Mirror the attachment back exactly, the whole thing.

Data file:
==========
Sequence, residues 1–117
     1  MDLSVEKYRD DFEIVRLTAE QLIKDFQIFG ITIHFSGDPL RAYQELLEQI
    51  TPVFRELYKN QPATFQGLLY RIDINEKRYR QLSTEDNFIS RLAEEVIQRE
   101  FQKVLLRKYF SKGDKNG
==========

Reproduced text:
Sequence, residues 1–117
     1  MDLSVEKYRD DFEIVRLTAE QLIKDFQIFG ITIHFSGDPL RAYQELLEQI
    51  TPVFRELYKN QPATFQGLLY RIDINEKRYR QLSTEDNFIS RLAEEVIQRE
   101  FQKVLLRKYF SKGDKNG